/etc/lilo.conf

The LILO bootloader has long been deprecated, in favour of GRUB, however it still has an install base on old systems that remain in production. The /etc/lilo.conf file contains its configuration. After any change in that file, it is necessary to reinstall LILO, by simply running lilo.

Each installed kernel version will have a line in this file, beginning with image=, followed by the path to the kernel file. For example:

image=/boot/bzImage-2.6.28

tailf

tailf does the same thing as tail -f: it displays the last lines of a file, and then follows the file as it grows, and displays new lines as they are appended to it. Compared to tail -f, it uses less resources on the system, by not reading from the disk while the text file is not updated.

See also

enable secret

The enable secret command makes the device ask for a password to allow the user to enter the global configuration mode. Compared to enable password, it has the advantage that it stores the password in the configuration as an MD5 hash, as opposed to clear text.

See also

enable password

The enable password command will make the device ask for a password to allow the user to move up to the global configuration mode. It has the disadvantage of displaying the password in clear text in the configuration. For this reason, is has been deprecated, in favour of enable secret, but still exists in Cisco IOS for compatibility with older hardware that cannot encrypt the enable password.

See also

RHEL

Releases

VersionRelease NotesDownload
7.0 Beta access.redhat.com/site/documentation/en-US/Red_Hat_Enterprise_Linux/7-Beta/html-single/7.0_Release_Notes/index.html (dead link) ftp.redhat.com/redhat/rhel/beta/7/ (dead link)

See Also

Ryzom

Ryzom is a science fiction/fantasy MMORPG, released under AGPL. It is available for Linux, Windows and MAC, and is free to play up to a certain game level.

See also

procmail

Procmail Recipes Syntax

Very briefly:

  • A line starting with :0 denotes the beginning of a new recipe.
  • A line starting with * denotes the definition of a condition inside a recipe.
  • The last line of a recipe is the action. Action lines can begin with:

    • / in which case the email is appended to a text file, mbox-style.
    • | in which case the email is piped to a script for further handling.
    • ! [email protected] in which case the email is forwarded to the email address defined after the !.
    • { which denotes the beginning of a nested recipe.

/etc/pam.d/

Files in /etc/pam.d/ are configurations for PAM stacks. The generic syntax of a line in those files is:

management_group control_flag module [options]

More on management_group and control_flag further in this article. The module is the name of the PAM file to be used. The options are not required, and are either generic ones or module-specific.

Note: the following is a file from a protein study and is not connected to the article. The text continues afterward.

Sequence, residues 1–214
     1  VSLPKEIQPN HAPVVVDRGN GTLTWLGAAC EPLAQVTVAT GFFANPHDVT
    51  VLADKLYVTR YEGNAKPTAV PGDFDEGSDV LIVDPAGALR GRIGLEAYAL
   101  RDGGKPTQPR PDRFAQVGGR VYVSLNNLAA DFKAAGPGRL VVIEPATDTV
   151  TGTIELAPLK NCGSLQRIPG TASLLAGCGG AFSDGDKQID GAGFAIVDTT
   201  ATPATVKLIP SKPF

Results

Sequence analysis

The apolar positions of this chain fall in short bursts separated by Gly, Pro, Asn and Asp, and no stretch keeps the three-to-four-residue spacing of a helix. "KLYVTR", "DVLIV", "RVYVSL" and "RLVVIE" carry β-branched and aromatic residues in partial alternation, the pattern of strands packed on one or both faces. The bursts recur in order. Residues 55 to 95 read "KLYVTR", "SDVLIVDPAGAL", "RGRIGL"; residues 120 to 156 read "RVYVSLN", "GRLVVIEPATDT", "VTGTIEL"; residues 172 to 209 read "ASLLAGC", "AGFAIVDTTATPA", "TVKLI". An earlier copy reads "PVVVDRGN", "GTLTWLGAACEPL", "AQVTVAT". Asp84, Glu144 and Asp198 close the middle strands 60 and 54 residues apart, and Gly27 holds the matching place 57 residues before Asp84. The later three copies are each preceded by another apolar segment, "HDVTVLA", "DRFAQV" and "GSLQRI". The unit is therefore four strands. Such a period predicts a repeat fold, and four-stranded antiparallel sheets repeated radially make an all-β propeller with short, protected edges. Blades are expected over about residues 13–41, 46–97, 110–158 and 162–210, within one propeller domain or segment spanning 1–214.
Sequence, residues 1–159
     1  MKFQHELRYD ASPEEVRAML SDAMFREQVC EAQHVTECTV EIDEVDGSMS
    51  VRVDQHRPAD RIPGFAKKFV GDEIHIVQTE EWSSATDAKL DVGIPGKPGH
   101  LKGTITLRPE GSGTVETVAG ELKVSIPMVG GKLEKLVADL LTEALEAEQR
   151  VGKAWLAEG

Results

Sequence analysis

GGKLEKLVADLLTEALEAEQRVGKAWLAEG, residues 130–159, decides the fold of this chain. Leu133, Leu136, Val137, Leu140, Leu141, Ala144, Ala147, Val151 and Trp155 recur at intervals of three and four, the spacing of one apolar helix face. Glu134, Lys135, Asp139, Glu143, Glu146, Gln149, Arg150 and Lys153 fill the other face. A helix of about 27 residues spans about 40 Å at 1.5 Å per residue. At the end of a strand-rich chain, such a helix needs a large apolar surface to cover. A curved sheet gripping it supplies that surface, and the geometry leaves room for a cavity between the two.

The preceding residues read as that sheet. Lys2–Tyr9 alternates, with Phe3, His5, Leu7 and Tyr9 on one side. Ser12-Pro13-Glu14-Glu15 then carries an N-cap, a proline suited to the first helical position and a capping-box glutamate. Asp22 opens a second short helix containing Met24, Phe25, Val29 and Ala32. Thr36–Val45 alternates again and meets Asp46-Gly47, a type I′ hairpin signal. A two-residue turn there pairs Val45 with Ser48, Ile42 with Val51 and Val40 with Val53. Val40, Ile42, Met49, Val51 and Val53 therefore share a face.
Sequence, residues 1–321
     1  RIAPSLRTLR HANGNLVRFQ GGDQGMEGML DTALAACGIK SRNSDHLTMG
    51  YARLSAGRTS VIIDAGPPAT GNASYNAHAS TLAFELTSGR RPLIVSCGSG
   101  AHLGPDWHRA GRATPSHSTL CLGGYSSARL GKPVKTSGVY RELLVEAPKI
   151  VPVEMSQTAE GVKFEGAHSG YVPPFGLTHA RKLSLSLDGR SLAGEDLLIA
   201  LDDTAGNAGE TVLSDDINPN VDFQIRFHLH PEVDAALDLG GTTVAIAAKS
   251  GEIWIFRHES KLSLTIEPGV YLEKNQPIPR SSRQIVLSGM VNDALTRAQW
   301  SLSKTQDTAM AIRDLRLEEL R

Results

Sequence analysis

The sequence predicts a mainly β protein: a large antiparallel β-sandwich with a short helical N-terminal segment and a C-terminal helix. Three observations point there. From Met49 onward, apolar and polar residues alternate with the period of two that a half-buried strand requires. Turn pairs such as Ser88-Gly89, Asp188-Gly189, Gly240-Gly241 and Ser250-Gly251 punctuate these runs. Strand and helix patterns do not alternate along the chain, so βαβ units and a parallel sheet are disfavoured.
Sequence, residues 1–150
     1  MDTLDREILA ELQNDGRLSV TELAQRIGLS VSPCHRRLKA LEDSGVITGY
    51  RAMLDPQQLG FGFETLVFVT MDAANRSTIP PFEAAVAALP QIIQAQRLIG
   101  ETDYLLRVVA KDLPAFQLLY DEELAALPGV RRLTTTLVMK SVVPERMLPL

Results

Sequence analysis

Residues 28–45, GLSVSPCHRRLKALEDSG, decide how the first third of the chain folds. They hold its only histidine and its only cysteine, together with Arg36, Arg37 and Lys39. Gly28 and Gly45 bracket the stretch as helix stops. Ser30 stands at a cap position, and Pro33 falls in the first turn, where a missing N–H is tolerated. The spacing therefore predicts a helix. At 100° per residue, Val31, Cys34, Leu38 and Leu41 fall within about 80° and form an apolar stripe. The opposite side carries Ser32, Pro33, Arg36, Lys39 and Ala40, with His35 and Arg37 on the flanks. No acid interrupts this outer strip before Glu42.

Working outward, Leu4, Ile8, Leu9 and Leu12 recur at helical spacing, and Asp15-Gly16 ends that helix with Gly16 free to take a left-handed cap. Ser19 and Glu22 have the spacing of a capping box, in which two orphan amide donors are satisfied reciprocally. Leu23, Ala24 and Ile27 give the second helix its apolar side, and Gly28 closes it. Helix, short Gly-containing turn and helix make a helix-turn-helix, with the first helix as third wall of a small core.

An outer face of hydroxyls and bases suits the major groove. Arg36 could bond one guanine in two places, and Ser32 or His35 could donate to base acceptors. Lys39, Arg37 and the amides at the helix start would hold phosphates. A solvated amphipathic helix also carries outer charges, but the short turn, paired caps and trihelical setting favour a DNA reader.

management_group

The value of management_group can be one of:

  • auth (for authentication)
  • account (for account management)
  • session (for session management)
  • password (for password managemet)

auth

The auth group is used for user authentication, and is mostly used by tools like login for CLI authentication or XDM or similar for logging in to a desktop environment.

passwd

The passwd group is used for user password management, and is most likely utilized by tools like passwd.

session

The session group manages user sessions. It may verify the existence of a user's home directory or even create it if it does not exist, it can mount partitions that are specific to a user, etc. It will also clean up the user's session after he/she has logged out.

control_flag

The value of control_flag can be one of:

  • requisite
  • required
  • optional
  • sufficient

requisite

The requisite flag makes a check necessary but not enough. This means that a requisite check must succeed for the stack to go on, but the success of the entire stack depends on further checks. In pseudocode:

IF SUCCESS:
    GOTO NEXT LINE
ELSE:
    FAIL

required

The required flag makes a check necessary for the success of the entire stack, while it allows for the execution of the next checks. In pseudocode:

IF SUCCESS:
    GOTO NEXT LINE
ELSE:
    GOTO NEXT LINE
FINALLY:
    FAIL

sufficient

The sufficient flag makes a check stop the execution of the stack if that check succeeds, otherwise execution continues. In pseudocode:

IF SUCCESS:
    STOP STACK EXECUTION
ELSE:
    GOTO NEXT LINE

optional

The optional flag does not affect the execution of the stack, unless the check is the last one in the stack, in which case the success of the entire stack is the same as the success of the last check. In pseudocode:

IF SUCCESS:
    GOTO NEXT LINE
ELSE:
    GOTO NEXT LINE

Note that the pseudocode above does not include the exception that happens when the optional check is that last in the stack.

syslog

syslog facilities

  • auth, a.k.a. security
  • authpriv
  • cron
  • daemon
  • kern
  • lrp
  • mail
  • mark
  • news
  • security
  • syslog
  • user
  • uucp
  • local0 to local7

syslog priorities

A list of syslog priorities, sorted by importance, ascending:

  1. debug
  2. info
  3. notice
  4. warning (previously warn, now deprecated)
  5. err (previously error, now deprecated)
  6. crit
  7. alert
  8. emerg (previously panic, now deprecated)

Send test message to remote syslog server

echo '<12>sourcehost message text' | nc -v -u -w 0 12.34.56.78 514

Source

dhcrelay

dhcrelay acts as a proxy between DHCP clients and a DHCP server, when those are separated by a router, which by default blocks broadcasted DHCP requests. It makes sense to install this on a router between two subnets, only one of which has a DHCP server, or on a relay system, again between two subnets.

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